In a recent survey by the American Dietetic Association (eatright.org), about 61% of consumers look at the food label when they purchase foods. GOOD FOR YOU!!! However, the other 39%, why aren’t you looking at the label? It is reported that those who used the nutrition labels had lower calorie, fat, and sugar intake than those who didn’t read the label.
What I am going to assume is that the 39% who don’t read the labels fall into two categories:
Category A: You are unsure how to read the label (don’t worry it is a little confusing!)
Category B: You just don’t care.
Well, if you fall into Category A, please read on. If you are in Category B, you may go do something else.
Here are a few tips when reading the food label:
I like to start with the serving size. It is important, because you may think this food is a low calorie option, however you are eating 3 to 4 servings. If the serving size says 1/2 cup and you eat 2 cups, then you are eating 4 servings.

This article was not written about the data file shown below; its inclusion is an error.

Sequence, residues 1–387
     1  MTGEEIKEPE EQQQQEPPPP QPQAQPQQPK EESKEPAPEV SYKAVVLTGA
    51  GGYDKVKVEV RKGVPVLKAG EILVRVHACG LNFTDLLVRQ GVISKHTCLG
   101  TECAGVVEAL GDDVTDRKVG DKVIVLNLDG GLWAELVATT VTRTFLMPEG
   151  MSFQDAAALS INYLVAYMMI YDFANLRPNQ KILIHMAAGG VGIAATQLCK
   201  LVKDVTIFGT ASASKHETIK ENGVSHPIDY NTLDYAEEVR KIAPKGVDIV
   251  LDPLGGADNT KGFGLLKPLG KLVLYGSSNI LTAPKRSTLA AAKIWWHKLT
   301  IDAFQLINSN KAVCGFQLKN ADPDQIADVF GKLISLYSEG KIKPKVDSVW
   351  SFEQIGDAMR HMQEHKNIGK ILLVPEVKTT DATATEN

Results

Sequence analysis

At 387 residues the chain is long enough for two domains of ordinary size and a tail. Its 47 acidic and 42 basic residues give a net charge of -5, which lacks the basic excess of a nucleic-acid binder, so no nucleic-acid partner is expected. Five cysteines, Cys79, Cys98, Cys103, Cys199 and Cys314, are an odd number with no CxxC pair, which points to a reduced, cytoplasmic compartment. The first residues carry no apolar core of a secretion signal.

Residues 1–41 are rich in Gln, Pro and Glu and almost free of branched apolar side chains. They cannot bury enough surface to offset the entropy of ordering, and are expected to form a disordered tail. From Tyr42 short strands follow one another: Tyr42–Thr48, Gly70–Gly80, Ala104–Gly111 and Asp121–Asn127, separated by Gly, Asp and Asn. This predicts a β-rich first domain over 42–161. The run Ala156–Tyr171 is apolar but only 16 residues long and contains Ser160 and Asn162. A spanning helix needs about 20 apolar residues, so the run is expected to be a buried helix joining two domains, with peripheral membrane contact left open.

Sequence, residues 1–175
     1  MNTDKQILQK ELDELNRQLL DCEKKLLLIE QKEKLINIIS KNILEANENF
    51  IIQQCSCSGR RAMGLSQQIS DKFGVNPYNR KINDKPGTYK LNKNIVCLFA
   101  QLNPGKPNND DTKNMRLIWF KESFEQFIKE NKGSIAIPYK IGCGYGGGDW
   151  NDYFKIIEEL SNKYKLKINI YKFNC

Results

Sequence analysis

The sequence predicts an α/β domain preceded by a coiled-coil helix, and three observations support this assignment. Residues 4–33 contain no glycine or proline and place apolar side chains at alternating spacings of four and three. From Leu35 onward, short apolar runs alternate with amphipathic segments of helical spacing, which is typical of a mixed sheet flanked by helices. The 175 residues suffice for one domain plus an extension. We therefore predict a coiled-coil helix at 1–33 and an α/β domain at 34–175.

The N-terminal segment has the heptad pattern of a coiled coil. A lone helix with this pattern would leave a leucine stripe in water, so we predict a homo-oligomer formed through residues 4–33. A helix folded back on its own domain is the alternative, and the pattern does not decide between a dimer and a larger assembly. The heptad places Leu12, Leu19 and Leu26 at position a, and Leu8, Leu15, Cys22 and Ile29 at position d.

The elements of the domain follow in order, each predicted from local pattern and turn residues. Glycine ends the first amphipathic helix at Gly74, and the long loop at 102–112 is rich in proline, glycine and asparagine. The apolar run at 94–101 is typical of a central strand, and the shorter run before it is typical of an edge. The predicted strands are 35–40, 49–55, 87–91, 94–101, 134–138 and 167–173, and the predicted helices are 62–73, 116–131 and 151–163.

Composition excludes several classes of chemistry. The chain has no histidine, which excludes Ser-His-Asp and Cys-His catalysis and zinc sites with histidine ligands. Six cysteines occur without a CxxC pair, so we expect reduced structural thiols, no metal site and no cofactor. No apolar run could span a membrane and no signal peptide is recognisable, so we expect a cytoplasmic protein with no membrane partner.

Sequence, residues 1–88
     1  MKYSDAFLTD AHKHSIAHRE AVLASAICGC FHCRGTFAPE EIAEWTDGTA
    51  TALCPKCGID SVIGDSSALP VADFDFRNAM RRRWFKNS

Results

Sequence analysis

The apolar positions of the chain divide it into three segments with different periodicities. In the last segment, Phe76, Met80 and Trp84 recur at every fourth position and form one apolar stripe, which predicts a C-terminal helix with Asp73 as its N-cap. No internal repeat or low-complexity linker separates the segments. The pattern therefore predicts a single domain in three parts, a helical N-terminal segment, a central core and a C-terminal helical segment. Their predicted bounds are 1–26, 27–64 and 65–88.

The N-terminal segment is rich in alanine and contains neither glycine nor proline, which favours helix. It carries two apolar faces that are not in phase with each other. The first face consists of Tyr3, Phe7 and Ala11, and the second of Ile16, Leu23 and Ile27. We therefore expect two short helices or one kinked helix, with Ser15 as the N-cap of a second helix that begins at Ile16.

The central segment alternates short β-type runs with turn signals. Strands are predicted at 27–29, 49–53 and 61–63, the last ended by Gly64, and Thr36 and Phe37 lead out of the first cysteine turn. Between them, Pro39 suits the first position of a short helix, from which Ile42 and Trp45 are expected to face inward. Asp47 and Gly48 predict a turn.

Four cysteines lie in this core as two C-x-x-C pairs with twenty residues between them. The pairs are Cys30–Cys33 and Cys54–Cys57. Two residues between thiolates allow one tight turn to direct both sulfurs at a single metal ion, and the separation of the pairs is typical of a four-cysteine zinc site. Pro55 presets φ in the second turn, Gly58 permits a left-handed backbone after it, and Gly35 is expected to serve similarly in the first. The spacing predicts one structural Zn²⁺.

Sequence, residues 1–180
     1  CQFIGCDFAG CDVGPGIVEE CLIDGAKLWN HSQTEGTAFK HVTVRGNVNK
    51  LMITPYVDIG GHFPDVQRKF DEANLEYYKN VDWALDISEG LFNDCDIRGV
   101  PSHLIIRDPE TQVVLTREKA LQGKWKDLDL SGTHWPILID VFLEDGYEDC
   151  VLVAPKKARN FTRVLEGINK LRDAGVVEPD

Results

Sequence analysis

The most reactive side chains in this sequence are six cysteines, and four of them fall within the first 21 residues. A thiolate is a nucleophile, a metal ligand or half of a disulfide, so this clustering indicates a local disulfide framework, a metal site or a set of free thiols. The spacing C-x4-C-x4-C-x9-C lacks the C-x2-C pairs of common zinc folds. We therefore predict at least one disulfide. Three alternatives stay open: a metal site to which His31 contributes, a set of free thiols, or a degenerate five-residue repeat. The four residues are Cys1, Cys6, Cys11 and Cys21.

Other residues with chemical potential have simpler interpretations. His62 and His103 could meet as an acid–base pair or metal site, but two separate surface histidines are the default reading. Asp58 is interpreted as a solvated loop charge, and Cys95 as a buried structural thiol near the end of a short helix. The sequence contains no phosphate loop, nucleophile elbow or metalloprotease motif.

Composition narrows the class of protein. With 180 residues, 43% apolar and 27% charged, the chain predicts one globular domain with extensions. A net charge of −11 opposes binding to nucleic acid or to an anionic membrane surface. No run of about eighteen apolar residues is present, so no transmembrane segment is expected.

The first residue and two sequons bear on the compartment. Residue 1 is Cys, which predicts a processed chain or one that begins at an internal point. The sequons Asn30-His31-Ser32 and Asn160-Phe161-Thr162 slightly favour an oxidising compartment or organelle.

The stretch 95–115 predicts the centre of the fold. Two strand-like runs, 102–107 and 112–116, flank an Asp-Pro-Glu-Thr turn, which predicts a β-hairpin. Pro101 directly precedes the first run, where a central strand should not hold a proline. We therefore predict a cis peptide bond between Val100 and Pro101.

Next look at total calories and calories from fat. Stick to about 30% of the calories coming from fat. If you don’t have a scientific calculator with you at the supermarket to calculate this, eye
ball it. I always say, if it looks like about half the calories come from fat, ditch the product. There are exceptions…ie: olive oil, nut butters etc. Also, when trying to lose weight, it’s a smart choice to cut back on BOTH calories and fat.
% Daily Values can guide you in making healthy food decisions. Remember sodium, fat, saturated fat, and cholesterol should be low – 5% or less of the DV. Vitamins, minerals, and fiber are where you want aim high in % DV. Something that is high in a certain nutrient should have 20% or more of your DV.
If you have more questions, post them! Remember look at the ingredients list too. The first 3 items listed are usually the 3 biggest ingredients. They are listed in descending order by weight.
Need a quick reference to keep around the house?
http://www.eatright.org/Public/content.aspx?id=206 <– go to this website and click on “Get Smart-Learn the Facts on Food Labels”